Is Finance for Women Easier If a Pink Robot Gives the Advice?
It doesn’t have to be like this.
If you’re a woman and you also care about your finances, let me ask you a question: do the apps that exist to help you tend to your finances scare you because of their overbearing, aggressively masculine, intimidating nature? Do you look at your app and think to yourself, Hmm, I wish this thing was pink and friendly, not full of sharp edges and admonishments?
Great news, women! Joy is here for you. It’s an app that functions like Digit and other savings apps, but with the added bonus of advice.
Joy is an app created by Scott Saunders, the CEO of Payoff, an online lending company. As per the Wall Street Journal, Saunders wasn’t intending on building an online financial app that appealed strictly to women, even though that’s what he managed to come up with.
The goal: to build an app that used psychological testing to match users of both genders with artificially intelligent financial coaches. By focusing on the intersection of money and psychology, Saunders hoped to minimize financial stress and maximize the pleasure users get from spending and saving.
The financial coaches that the app uses are robots that give advice, because, according to focus groups, “robots seemed less judgmental.” I suppose it’s easier to listen to a robot tell you that you should be putting more money in your 401(k), but I think having a person tell you that would be just the same. Early tests revealed that women preferred Joy; the team of men that was working on Joy enlisted a PR firm that works in beauty and fashion to make Joy look colorful and bright and happy. “Men are more than welcome to use Joy, Saunders says, but the app is unmistakably marketed to women, who remain an underserved market in financial services.”
A quick look at their Instagram shows that the overall branding and messaging is to promote happiness and, well, joy, stripping away the despair and the heartache of dealing with your finances by couching it in language that’s gendered in a way that feels pandering and infantilizing and entirely unnecessary.
The language choices are specific — Joy is targeting women by working against the industry standard of speaking bluntly about finance.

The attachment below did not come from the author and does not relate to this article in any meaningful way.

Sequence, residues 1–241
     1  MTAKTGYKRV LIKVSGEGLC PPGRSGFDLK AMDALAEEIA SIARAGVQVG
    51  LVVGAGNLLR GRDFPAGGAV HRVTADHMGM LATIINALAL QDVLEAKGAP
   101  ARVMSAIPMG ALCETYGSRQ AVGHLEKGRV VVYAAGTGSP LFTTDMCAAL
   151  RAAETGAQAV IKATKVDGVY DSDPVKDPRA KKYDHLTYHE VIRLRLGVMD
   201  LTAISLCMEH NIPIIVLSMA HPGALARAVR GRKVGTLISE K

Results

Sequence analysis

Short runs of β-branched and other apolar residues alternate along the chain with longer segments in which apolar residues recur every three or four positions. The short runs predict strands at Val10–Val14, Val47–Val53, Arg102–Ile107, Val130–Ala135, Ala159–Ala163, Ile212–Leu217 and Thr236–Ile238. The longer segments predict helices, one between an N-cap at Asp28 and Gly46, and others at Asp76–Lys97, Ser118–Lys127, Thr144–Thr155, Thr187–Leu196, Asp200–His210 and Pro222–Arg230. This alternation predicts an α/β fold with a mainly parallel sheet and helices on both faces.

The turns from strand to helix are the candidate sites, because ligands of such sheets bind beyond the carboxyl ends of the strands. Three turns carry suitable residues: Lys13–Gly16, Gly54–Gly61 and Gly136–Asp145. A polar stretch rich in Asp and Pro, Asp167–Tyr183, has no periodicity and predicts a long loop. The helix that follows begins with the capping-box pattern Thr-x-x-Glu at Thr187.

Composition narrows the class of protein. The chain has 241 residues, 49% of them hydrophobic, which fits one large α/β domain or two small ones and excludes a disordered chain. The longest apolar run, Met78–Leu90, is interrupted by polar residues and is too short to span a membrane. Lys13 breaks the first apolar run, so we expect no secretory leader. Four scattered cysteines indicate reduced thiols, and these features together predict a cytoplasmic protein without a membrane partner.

“The psychology of the existing financial system is that it’s incredibly male-oriented,”[Saunders] says. “It’s transactional, power-focused, ruthlessly competitive and based on literal conversation.” According to Taussig, women tend to think about their financial lives in terms of life milestones, such as marriage, divorce and taking care of children and parents. “Men look at it more as a competition. ‘How am I doing? What’s my performance? Am I beating the index?’ ”
Joy works by asking its users a set of questions meant to determine where they’re at in regards to five personality traits; based on their answers, users are siloed into one of ten different personality types. The AI uses your information to tailor the robots to what it thinks you’ll need.
Joy’s robot coaches combine those results with bank and credit account information to tailor their tone and feedback. The coaching becomes more individualized as Joy’s robots gather data on income, spending and consumer satisfaction. Users are asked to rate every purchase they make according to how happy or sad it made them, allowing the robots to track patterns and make recommendations.
Really, Joy works by attempting to execute a post-mortem KonMari on your spending habits. Everyone’s different; some people will ask themselves if buying a new shirt or some Drano and a bag of Skittles makes them happy or sad. Others will buy those things without thinking and then beat themselves up about it afterwards. The screenshots provided by the Wall Street Journal show a yellow robot named Dash that operates kind of like an annoying friend, popping in every now and then to ask you how you feel about the things you’ve recently purchased. Is it helpful to conduct this kind of post-game analysis on your spending? Maybe. Will a robot asking you probing questions make you feel better or worse about what you bought? Maybe not.
As WorthFM founder Amanda Steinberg tells the WSJ, it’s really a Men Are From Mars, Women Are From Venus kind of thing: “It isn’t that women want different financial services. It’s that they want the advice delivered differently.”
I am all for Joy’s intent, but their messaging is less than ideal. Women be shopping. Women run up their credit cards on shoes and macarons and face cream. Women can’t take financial advice unless it’s wrapped in glitter and dressed like a unicorn. Once again — their intent is good! Tailoring the language of advice to adapt to the needs of the individual is great; it just seems kind of crazy that it had to be like this.
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